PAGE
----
- Educate your users. If you are managing a team, it’s important to make sure they also follow best practices when it comes to cybersecurity. You will need to educate your users about the most common types of phishing attacks that are in circulation and share some basic strategies on how to avoid them. Equally as important is to teach them about basic web security. Using a secure browser when surfing the web will warn them when HTTPS isn’t being used and protect you from stumbling across phishing sites.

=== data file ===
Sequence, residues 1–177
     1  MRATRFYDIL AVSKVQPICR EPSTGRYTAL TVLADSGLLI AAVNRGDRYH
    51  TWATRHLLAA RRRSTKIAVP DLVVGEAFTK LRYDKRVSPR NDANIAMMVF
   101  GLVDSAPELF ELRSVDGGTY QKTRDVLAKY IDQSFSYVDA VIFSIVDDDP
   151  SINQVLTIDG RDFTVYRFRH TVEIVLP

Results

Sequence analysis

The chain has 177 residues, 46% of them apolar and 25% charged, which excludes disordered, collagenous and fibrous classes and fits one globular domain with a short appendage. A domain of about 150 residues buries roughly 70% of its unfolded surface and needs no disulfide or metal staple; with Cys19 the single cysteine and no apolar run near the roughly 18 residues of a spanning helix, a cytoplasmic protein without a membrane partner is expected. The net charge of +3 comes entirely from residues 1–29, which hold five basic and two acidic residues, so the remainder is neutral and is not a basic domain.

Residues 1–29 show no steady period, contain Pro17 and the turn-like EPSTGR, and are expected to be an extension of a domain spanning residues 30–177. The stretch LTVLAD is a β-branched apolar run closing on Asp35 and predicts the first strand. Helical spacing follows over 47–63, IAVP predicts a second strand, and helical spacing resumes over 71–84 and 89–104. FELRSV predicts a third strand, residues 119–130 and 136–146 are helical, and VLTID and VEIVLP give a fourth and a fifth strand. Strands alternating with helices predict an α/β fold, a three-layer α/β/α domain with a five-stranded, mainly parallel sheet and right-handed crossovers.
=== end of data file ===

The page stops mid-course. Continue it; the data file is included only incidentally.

- Patch and keep your software up to date. Everyone knows that they should keep their software up to date, but too few of us do. The fact is that a lot of software ships with zero-day vulnerabilities that need to be patched in order to be secure. You should also make sure that your vulnerability management covers all of your connected software assets so that your security professionals can prioritize their remediation and mitigation efforts accordingly.
- Last but definitely not least, use strong passwords. Weak passwords are still a major cause of vulnerability, and access to fairly innocuous systems can be used to leverage more sophisticated attacks. That’s why you should use and enforce strong, unique passwords for all accounts.